Officials: Plans still on ‘Go’ for delayed Mississippi jet biofuel plant, should bring up to 1,200 construction jobs starting in 2025.
Published 4:14 pm Sunday, July 30, 2023
Plans to construct of biofuel plant in Southwest Mississippi with up to 1,200 construction jobs have been delayed but are still on “Go.”
While an engineering change has delayed the date to begin construction of the Velocys bio-refinery plant in Natchez, the project is still viable, said Chandler Russ, executive director of Natchez Inc., the area’s economic development agency.
Velocys announced plans to construct and operate a plant here using new technology to make jet fuel using woody biomass, which is waste from the paper and lumber industries.
“The timeline has slipped a little. They switched how they are powering the facility,” Russ said. “They were going a solar power route. Now they are putting in a bio power plant, which is good and bad for us. It consumes more timber product, but it also added some engineering design and things to the project itself, which pushed it back some.”
He said Velocys will begin some of its preliminary site work here soon, “basically on both the power plant piece and the bio-refinery piece, but they can’t get started on that until the levee is complete.”
Natchez Inc., the City of Natchez and Adams County have secured state and federal funding worth $5.4 million to complete a levee around the Velocys site to protect it from Mississippi River flooding.
Russ said two-thirds of the levee work has been completed.
“We are in the fourth phase now of that project. We secured all of those funds through state and federal resources. The county is not out of pocket for any of those dollars, which is great, but it’s also why it’s taken so long to get it done,” he said, pointing out the application process and time it takes to receive state and federal funding.
What is left to do on the levee project is “closing the ring,” he said. He hopes bids will be awarded in September for the final portion of the levee project.
“It is great news that Velocys is going to begin some of the preliminary site work, and that things continue to move forward. Their plan as of now is to begin serious construction of the plant in the first quarter of 2025, and there will be a two to two-and-a-half-year build-out on a project of that magnitude. However, we will have 800 to 1,200 construction workers in there every day for two and a half years,” Russ said. “They were expected to begin construction in the second quarter of 2024, but the engineering change pushed that back.”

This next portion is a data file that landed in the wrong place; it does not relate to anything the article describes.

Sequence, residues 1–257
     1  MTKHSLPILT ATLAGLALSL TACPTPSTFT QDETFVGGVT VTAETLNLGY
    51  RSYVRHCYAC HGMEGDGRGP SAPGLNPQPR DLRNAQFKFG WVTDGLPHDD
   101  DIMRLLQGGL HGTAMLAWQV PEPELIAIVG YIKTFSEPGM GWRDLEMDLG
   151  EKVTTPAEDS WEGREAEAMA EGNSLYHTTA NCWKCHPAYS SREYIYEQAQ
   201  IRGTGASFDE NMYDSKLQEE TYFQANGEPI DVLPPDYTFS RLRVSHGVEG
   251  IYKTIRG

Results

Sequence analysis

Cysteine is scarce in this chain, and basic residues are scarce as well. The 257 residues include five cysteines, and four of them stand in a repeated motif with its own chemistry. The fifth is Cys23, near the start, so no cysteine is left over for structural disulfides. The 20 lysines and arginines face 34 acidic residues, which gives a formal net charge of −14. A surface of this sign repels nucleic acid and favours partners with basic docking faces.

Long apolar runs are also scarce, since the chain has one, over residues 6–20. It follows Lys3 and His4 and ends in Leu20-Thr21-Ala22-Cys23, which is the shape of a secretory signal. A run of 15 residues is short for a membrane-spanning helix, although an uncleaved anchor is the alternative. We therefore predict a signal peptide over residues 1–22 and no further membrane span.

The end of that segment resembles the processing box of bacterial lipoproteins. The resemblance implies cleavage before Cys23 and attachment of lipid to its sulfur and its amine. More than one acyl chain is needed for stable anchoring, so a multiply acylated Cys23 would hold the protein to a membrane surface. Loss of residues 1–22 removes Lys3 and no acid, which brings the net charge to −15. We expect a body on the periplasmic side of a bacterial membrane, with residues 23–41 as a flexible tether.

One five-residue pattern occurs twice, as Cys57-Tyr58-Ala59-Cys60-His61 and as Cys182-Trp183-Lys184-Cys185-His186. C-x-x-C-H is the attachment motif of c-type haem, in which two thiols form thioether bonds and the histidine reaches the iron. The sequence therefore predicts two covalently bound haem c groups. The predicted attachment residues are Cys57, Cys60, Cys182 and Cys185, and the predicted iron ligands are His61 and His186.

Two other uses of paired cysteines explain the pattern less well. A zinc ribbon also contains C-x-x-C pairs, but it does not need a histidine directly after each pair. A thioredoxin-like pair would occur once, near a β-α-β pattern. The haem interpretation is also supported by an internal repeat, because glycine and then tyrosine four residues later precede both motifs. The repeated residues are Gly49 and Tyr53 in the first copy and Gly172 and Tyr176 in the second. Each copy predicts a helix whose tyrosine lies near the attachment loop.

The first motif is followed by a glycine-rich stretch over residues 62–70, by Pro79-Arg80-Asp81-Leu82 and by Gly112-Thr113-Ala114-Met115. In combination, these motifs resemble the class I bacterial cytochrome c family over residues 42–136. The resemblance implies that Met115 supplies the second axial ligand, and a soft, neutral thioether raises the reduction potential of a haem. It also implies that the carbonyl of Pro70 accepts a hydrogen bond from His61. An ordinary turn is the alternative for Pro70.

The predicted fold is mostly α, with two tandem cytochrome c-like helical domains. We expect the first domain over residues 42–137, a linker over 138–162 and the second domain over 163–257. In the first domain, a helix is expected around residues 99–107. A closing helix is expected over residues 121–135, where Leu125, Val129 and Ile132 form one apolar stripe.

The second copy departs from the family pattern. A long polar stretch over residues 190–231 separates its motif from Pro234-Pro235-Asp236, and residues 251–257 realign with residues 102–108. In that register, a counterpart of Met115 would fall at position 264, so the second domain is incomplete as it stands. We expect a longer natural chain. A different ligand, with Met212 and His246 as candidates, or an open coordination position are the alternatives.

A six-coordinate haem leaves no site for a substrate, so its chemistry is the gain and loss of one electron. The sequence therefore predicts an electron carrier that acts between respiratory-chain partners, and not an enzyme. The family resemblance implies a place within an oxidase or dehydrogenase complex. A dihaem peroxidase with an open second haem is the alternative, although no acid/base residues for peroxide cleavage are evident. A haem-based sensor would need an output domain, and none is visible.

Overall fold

Natchez Inc. has a number of good clients it is working with right now in various stages of development, Russ said, “all the way from near announcement to in-the-process, like Velocys. Some are new. We are short-listed on a couple of projects. Including the Velocys project, which is worth $2.5 billion, we are probably working $5 billion in projects right now.”
Bids were opened recently on further clean up efforts at the former International Paper Co. site.
“MDA granted us $250,000 and we have $250,000 from American Rescue Plan Act money from the county that we can use. Unfortunately, bids came in a little high. Our lowest bid was $650,000. We are trying to figure out how to manage those additional funds. I think we can use some other grant dollars to cover that offset,” Russ said.
The IP site clean up will consist of removing all of the remaining above-ground structures and removing concrete on roughly 50 acres.
“We plan on taking the concrete out, piling it up and we have a group that has agreed to crush the concrete and use it as rock material for other applications,” he said.
Activity and interest in Natchez and Adams County for industries using graphite, aluminum and “critical minerals” is “real hot right now. It really has a lot of activity going on there. Component materials and critical minerals is a really good space for us because of resources and logistics and things like that. We are trying to capture and participate in as much of that as we possibly can.”
Workforce development in Natchez is critical right now, Russ said.
“We remain focused on workforce development. If we don’t bring that forward on multiple fronts, it’s something that can slow us down. I think we have a good plan of attach on that right now and hopefully we will stay the course.”